UP IN THE BOSTON AREA, from which I have just returned, there is a terrific new system of justice evolving for people who have been so blessed in their lives as to have obtained a medical degree. Up there, it seems, there are different rules for doctors -- and if, as one doctor put it, he did do something "indiscreet," well, one man's felony is another man's indiscretion.

The latest chapter in the continuing saga of dual justice in America involves three doctors convicted of raping a nurse. According to accounts in the Boston Globe, the four people had attended a party last September and went on to the beach house owned by the family of one of the doctors. There, according to the defense version of events, the doctors had relations with the nurse who they claimed was a willing participant. According to the nurse's version, the doctors forced her to have intercourse. She reported the incident to a rape crisis center and to police within the day after it happened. The jury of seven men and five women believed the nurse, a rather remarkable event in and of itself.

The men were originally charged with kidnaping and aggravated rape, a charge that carries a life sentence and is used in circumstances in which the victim is severely beaten or raped by more than one person. The jury convicted them on a lesser charge of rape that carries a maximum of 20 years in prison. But Judge Walter E. Steele of the Suffolk Superior. Court gave them six months and a year's probation, which is the kind of sentence you could expect to get if you got caught skimming the till in your office, although it may even be a trifle light for that. A federal judge in Baltimore this week sentenced a bank employe to three years for embezzling $30,000. Six months is not the kind of sentence you could expect to get in say, the District of Columbia if you are a black blue-collar worker convicted of rape. The turnover rate for rapists at Lorton is not quite that quick, nor is it in Boston. In arguing for a three- to five-year jail term for the doctors, Asst. Dist. Attorney Timothy O'Neil said the average sentence for a rapist in Suffolk County is 13 years.

But a Boston lawyer had an answer for that discrepancy. As with so much else in Boston, it seems that what matters with rape is who you know. "No matter how strident one is about the crime of rape," attorney Harvey A. Silverglate told the Globe, "no one with half a brain would compare this rape -- where four people knew each other -- to the rape of a woman who is dragged off the street with a knife to a throat. Rape cases are like apples and oranges."

It is better, apparently, to be raped by someone you know. And infinitely better to be raped, apparently, by a doctor you know. It is better to be raped by someone who is rich or may be rich than by someone who is poor. An educated, professional man raping a woman is somehow going to be less brutal and violent than a nonprofessional.

The relatives of the doctors and the doctors themselves, instead of being grateful for the light sentences, expressed anger at the very idea that the doctors might have to do some time in the slammer for gang-raping a woman. The father of one doctor, who also is a doctor, portrayed the men as victims.

"The stigma, the emotion, the trauma, is something you can't forget," he told the Globe, using the very words thousands of rape victims have used to describe their ordeal. He described his son as "depressed, and he's feeling anger, anger, anger."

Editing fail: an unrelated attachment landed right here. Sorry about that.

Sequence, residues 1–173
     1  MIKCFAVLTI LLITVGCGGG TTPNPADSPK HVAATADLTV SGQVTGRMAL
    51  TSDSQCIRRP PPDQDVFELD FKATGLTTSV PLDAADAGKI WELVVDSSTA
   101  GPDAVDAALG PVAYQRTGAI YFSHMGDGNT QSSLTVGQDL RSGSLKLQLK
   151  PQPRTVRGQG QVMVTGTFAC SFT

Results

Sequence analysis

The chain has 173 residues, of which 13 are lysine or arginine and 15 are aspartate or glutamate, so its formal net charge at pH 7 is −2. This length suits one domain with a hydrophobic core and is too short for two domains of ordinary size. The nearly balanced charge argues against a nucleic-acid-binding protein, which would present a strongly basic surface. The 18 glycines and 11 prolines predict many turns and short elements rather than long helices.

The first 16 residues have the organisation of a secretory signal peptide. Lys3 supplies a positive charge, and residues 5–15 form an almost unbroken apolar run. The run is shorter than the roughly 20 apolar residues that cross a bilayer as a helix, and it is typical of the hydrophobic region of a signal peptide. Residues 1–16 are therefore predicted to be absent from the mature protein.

Another of the doctors talked about his mother's efforts to put him through medical school and told the court: "What has she got now -- a convict for a son?" Whose fault is that?

Lawyers for the doctors had argued for them to be sentenced to community service. One male lawyer -- who has presumably never shared in the female sexual experience -- even went so far as to characterize the rape as "benign a situation as possible."

Sentencing criminals involves weighing a number of principles, including punishment, rehabilitation, deterrence. When professional people do something wrong, the cost to them may come not only in loss of freedom but in loss of their profession. Hence, lawyers can be disbarred and doctors can lose their licenses, but that's professional punishment. And while there is much hand wringing on the part of the lawyers, doctors and their families about what this will do to their careers, any professional sanction is quite separate from anything meted out by the legal system. That is also something the doctors should have thought about that night in the beach house.

A lawyer for one of the doctors, the same lawyer who characterized the rape as "benign," said he saw no good reason for sending these men to jail. Would he have said that about three carpenters convicted of rape?

There is, of course, every good reason for sending the doctors to jail. They have been convicted of raping someone.They should be punished. Maybe they'll get rehabilitated and won't do it again. Maybe, had they been given the kind of sentence mere mortal men would have gotten, this case would have served as a deterrent to others who are tempted to take advantage of an acquaintance. This is no negligible number of people; according to the National Criminal Justice Reference Service, 18 percent of all rapes are committed by acquaintances of the victim.

Technically the doctors got three to five years with all but six months suspended. They are free pending appeal. It is not at all clear that they will even lose their medical licenses. That they were convicted at all says something good about juries in Boston, but that they were sentenced to so little time tells you something about double standards in America.

Punishment isn't supposed to fit the criminal. It's supposed to fit the crime.